Jews from Lublin, Poland, prior to their deportation
On the eve of World War II, some 40,000 Jews lived in Lublin, constituting about one third of the city’s population. In the spring of 1941, in preparation for the establishment of a ghetto in Lublin, the Germans ordered a partial deportation of the city’s Jews. In the period from 10 March to the end of the month, approximately 10,000 Jews were deported: some 1250 of them to Rejowiec, some 2,300 to Siedlce, 3,200 to Sosnowiec and the remainder to other towns in the area. On arrival at their destinations, the deportees had to contend with severe financial hardship and poor living conditions. At the end of March 1941, the ghetto was established, and more than 34,000 Jews were incarcerated there. The Jews of Lublin were amongst the first to be deported to the Belzec death camp. The deportations began on 17 March 1942, and by April, some 30,000 Jews had been deported. Most of the deportees were murdered in Belzec, the remainder in the forests surrounding Lublin.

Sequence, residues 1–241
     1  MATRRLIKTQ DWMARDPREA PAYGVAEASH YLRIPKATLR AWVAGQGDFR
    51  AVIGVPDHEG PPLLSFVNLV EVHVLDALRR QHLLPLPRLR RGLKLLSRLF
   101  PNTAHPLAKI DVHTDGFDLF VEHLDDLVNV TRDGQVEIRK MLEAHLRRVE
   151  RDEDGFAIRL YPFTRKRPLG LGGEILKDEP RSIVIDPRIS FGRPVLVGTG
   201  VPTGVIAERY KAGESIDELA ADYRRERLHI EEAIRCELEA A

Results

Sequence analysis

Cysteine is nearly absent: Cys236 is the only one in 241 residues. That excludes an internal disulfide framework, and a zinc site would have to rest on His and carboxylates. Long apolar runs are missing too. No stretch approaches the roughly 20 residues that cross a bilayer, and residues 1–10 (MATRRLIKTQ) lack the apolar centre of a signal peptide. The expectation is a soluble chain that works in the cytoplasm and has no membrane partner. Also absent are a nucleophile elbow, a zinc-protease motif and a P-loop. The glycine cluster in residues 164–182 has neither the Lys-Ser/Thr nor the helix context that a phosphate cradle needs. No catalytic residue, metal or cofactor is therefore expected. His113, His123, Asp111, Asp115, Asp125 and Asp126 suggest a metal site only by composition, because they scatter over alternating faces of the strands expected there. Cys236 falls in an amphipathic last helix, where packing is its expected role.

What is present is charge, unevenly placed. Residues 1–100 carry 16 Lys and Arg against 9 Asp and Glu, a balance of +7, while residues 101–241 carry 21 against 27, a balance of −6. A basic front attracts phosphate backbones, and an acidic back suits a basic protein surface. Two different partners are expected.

For further information about the Jews of Lublin, click here.
Yad Vashem Photo Archives 73AO1